I received an email from Vladimir Soso the other day.
He's the guy who built the excellent Oshonsoft PIC/AVR simulators - the compiler of choice at Nerd Towers.
Since the Oshonsoft project started up again (it had an 18 month period with little or no development on it, during which time it didn't support some of the newer devices being released by Microchip) I've been meaning to convert some of my old code back over.
Because Oshonsoft didn't support the 16F1825 chips at the time, I had to write my code for reading SD cards in SourceBoost C. SourceBoost itself is a great compiler, but I didn't like the idea of having to keep track of two different compilers, and chop-and-change between them in order to program different chips.
So when the Oshonsoft project got rebooted early this year, I thought I'd spend a bit of time re-writing the serial audio player project, using the PIC Simulator IDE. Of course, I never got round to it.
Then an email arrived, and the guy who wrote the compiler was asking if he could use the code I'd written (using another compiler because his was getting out-dated) in a new version of his compiler - so everyone who used an Oshonsoft compiler could have access to some high-level commands to interface with SD cards.
Of course, I said yes. I've supported Vladimir regularly over the years, throwing a ten euro donation every few months at his website, and buying all the licences, new versions and add-ons for the Oshonsoft range, as they have been released.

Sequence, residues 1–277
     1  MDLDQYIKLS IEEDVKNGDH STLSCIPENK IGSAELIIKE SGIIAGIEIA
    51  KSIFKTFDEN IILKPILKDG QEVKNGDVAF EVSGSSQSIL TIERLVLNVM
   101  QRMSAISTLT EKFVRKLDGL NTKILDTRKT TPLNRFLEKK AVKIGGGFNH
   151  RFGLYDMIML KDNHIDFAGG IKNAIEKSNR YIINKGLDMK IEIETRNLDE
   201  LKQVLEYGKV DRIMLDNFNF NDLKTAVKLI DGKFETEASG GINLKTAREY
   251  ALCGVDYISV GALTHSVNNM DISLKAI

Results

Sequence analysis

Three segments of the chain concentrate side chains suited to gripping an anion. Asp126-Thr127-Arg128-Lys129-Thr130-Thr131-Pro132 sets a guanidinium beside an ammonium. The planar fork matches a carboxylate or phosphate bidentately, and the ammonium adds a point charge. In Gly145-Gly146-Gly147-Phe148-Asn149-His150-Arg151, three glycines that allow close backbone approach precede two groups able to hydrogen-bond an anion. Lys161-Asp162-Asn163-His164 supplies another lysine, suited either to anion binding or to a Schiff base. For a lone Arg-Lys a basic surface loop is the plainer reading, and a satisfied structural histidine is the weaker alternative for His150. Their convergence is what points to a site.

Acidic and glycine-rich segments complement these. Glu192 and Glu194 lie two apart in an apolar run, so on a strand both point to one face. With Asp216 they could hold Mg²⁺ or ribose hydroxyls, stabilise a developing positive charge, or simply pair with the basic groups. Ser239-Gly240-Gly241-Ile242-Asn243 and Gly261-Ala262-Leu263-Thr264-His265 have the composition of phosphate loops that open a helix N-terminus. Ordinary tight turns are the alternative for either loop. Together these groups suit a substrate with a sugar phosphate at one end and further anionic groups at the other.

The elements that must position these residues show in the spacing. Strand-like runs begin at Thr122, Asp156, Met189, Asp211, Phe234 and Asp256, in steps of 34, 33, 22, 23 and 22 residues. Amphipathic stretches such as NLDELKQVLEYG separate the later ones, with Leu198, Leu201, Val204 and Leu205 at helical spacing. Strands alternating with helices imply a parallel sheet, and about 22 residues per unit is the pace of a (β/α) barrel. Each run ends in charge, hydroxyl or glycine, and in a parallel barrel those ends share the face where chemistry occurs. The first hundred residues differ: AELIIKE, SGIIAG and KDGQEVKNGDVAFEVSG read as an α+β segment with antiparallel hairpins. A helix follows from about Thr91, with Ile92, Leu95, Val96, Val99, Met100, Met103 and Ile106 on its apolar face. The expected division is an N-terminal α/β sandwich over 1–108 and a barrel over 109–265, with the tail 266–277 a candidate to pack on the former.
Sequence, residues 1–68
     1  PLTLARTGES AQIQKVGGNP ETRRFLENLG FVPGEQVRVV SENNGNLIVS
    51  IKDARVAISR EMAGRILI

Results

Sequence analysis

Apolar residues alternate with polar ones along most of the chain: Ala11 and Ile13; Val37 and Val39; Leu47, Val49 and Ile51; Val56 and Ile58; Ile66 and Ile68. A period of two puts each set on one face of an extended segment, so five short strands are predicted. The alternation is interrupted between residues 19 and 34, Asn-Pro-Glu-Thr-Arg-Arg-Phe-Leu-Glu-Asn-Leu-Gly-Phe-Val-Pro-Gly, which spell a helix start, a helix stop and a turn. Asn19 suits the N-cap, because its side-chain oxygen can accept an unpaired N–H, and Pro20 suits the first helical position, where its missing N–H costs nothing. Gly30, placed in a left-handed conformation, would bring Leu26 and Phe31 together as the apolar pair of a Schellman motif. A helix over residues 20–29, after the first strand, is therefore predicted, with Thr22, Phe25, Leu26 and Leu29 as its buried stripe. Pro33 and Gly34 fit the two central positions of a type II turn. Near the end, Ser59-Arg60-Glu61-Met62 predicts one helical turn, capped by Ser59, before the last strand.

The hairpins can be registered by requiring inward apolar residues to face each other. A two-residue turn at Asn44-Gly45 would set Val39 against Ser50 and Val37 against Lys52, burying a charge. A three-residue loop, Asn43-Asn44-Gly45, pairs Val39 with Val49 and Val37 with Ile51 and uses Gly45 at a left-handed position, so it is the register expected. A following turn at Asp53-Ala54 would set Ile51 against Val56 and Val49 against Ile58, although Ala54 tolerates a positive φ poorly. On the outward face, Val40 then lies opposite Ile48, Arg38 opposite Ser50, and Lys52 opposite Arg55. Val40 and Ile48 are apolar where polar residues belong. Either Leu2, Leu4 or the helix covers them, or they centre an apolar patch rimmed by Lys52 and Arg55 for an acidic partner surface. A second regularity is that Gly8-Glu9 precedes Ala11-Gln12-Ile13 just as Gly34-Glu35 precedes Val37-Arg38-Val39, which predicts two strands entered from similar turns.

But it's quite gratifying to be able to support - even in a slightly indirect way - the development by having some of my own work implemented into some encapsulated SD card routines, built directly into the compiler.
What's particularly interesting is that, whereas my own code only worked with low-volume cards (up to a maximum of 2Gb) Vladimir reckons he can work with a wide range of SD cards - including MMC/SD/SDSC/SDHC. Yep - that's SDHC (high capacity) cards: the holy grail of micrcontroller-to-sd-card interfacing.
There are loads of people who have failed to get SDHC cards to initialise properly, to use them in their own microcontroller projects (me included). So it's exciting to hear that instead of having to scour eBay for old, low capacity cards, and take a punt on them being the right make/brand/capacity, we'll all soon be able to just stick in any old SD card and - using the Oshonsoft compiler - talk to them quickly and easily.
I'm just glad to have been able to help, even in a small way!